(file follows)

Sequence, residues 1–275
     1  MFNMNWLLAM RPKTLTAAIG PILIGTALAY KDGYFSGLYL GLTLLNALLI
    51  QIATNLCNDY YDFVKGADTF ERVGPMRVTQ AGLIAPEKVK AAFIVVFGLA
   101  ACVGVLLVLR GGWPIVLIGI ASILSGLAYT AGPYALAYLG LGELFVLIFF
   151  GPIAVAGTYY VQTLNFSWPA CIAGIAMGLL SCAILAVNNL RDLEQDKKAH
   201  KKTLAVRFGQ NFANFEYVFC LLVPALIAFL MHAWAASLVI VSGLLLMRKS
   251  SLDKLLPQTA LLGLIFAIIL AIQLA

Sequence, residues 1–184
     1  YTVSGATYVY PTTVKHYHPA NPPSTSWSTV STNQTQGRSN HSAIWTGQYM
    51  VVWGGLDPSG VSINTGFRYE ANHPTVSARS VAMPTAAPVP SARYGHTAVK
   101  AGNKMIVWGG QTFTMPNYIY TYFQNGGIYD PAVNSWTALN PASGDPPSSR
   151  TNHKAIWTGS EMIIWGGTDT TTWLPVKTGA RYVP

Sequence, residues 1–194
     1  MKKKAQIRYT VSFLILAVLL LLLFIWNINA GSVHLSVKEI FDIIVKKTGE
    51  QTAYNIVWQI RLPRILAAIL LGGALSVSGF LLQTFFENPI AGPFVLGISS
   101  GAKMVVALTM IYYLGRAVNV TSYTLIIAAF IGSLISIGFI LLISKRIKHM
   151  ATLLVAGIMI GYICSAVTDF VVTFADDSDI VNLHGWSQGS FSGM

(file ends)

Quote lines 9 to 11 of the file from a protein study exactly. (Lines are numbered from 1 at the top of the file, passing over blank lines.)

     1  YTVSGATYVY PTTVKHYHPA NPPSTSWSTV STNQTQGRSN HSAIWTGQYM
    51  VVWGGLDPSG VSINTGFRYE ANHPTVSARS VAMPTAAPVP SARYGHTAVK
   101  AGNKMIVWGG QTFTMPNYIY TYFQNGGIYD PAVNSWTALN PASGDPPSSR